Vision Zero Cities: Road Violence is a Public Health Crisis that Needs Public Health Solutions

An East L.A. street scene. Photo: Oscar Ochoa
An East L.A. street scene. Photo: Oscar Ochoa

Starting on Wednesday in New York, Transportation Alternatives will host its annual “Vision Zero Cities” conference. In conjunction with the confab, Streetsblog is posting content from the annual journal published by TransAlt. We’ll roll them out over the course of the week. Meanwhile, click here for the full conference schedule and to register.

Madeline Brozen and John Yi
Madeline Brozen and John Yi

Traffic violence is one of the leading causes of death by unintentional injury and premature death in the United States, and Los Angeles is no outlier in this tragic trend. From 2010 to 2019, traffic violence was the third leading cause of premature death in Los Angeles County, behind heart disease and drug overdoses. This preventable loss of life demands a response, and finding answers requires understanding and genuinely engaging those most affected: Black and Latino communities in Los Angeles face the worst traffic violence outcomes, which have only worsened over the course of the pandemic. Solving this problem requires that Vision Zero investments provide resources to organizations and communities that take public health approaches, lifting up community members as experts.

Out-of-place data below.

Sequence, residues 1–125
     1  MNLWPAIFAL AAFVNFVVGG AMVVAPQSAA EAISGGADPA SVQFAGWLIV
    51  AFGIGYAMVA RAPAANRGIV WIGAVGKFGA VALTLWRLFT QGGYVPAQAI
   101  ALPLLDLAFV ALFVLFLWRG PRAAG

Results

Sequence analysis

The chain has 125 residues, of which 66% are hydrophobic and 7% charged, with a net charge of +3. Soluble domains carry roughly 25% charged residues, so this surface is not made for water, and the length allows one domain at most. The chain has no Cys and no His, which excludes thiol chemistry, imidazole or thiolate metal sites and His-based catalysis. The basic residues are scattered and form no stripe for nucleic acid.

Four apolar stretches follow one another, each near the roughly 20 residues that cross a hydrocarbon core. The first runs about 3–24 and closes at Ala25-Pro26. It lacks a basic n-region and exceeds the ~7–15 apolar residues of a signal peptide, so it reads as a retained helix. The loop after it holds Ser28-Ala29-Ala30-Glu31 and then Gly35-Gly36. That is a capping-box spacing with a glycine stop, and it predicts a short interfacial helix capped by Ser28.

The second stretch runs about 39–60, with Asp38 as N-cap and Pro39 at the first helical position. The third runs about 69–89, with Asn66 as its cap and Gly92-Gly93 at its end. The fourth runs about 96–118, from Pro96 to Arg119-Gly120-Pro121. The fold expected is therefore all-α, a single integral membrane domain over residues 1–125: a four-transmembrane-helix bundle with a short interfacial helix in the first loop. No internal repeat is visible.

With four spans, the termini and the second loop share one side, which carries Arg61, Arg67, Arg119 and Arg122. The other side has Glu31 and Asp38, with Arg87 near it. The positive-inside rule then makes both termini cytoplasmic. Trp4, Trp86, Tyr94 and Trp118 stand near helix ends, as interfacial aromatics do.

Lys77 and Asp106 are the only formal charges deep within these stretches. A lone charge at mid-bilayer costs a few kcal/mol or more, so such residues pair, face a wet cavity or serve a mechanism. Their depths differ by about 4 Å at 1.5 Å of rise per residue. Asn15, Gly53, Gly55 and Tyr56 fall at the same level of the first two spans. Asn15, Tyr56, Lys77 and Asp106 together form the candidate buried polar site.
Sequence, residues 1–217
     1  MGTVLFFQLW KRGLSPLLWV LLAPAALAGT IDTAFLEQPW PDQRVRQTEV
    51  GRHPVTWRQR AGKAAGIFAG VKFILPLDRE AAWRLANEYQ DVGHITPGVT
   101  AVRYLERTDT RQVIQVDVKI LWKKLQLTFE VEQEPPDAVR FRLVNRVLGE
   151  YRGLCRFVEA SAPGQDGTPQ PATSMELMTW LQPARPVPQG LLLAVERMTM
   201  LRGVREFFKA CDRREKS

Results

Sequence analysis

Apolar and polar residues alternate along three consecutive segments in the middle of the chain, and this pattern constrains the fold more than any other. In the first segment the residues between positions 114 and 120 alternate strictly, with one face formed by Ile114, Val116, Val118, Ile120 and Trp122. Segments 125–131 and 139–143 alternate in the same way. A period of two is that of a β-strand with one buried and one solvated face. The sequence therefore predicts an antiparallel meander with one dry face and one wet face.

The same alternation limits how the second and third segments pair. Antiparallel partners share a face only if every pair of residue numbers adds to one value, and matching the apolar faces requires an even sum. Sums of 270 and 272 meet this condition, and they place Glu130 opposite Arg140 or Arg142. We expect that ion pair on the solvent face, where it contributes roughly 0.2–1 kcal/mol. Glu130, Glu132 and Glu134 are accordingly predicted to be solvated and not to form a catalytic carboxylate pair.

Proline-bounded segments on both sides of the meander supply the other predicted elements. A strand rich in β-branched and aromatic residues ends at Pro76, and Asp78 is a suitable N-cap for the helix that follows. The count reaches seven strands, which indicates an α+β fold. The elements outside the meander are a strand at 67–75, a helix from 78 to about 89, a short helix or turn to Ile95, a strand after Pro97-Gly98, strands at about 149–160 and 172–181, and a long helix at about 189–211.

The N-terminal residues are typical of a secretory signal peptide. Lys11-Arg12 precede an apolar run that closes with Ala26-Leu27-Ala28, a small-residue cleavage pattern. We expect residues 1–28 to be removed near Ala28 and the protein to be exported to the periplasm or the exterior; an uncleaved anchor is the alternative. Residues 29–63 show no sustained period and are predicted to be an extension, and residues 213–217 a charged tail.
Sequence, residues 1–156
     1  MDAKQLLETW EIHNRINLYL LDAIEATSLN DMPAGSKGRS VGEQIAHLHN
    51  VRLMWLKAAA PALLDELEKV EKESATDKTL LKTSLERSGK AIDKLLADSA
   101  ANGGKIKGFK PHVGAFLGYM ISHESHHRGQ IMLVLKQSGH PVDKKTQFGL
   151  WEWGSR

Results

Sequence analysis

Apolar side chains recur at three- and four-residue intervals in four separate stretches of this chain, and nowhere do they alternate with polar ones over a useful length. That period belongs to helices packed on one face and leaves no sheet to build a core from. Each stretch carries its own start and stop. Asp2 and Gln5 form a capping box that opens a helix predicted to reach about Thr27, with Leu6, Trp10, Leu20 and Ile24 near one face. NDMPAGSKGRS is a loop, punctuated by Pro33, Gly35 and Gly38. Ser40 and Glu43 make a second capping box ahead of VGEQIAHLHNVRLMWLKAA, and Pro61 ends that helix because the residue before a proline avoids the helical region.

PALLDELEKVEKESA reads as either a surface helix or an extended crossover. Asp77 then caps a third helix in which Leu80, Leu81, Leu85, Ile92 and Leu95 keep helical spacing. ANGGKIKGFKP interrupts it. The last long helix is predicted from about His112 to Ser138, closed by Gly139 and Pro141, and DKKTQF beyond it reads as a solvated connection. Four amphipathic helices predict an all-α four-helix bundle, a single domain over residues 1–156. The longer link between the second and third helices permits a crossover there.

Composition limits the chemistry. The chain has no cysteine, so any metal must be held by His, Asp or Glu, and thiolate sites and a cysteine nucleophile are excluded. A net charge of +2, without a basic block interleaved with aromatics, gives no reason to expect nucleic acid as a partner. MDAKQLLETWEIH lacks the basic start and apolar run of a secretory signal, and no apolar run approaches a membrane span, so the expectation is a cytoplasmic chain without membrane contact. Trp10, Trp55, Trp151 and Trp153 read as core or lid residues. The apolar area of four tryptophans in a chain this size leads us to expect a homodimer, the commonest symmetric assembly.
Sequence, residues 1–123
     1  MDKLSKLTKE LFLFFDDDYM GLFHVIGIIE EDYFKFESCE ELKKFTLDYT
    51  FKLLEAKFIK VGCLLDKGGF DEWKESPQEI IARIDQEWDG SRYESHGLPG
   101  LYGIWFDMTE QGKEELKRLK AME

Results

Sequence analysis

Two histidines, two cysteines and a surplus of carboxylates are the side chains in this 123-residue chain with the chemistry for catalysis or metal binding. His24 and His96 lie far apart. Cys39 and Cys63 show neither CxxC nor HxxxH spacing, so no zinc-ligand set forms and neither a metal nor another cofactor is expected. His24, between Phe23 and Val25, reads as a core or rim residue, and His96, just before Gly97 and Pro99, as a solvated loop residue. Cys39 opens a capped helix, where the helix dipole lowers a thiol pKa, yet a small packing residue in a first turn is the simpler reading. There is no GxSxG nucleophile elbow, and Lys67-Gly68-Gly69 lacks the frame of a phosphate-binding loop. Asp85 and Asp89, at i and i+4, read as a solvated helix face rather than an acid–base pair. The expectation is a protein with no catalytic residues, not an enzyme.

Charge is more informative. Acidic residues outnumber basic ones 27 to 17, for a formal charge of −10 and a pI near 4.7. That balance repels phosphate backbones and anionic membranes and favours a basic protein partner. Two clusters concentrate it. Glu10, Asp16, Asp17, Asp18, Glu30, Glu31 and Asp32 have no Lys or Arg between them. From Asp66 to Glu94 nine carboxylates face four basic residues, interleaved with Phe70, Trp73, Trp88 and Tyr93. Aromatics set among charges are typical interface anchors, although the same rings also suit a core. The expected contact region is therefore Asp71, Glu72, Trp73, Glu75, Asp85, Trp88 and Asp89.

The geographic patterns of traffic violence are too alike across U.S. cities. A study of 60 unique street corridors where people walking was killed between 2001 and 2016 found striking similarities in how these roads were designed. Nearly two-thirds of these corridors fit a standard pattern: three or more lanes with speed limits over 30 mph and high traffic volumes. The neighborhood demographics are also similar, as many of these fast and wide urban arterial streets are located in neighborhoods with lower median household incomes and high proportions of people of color.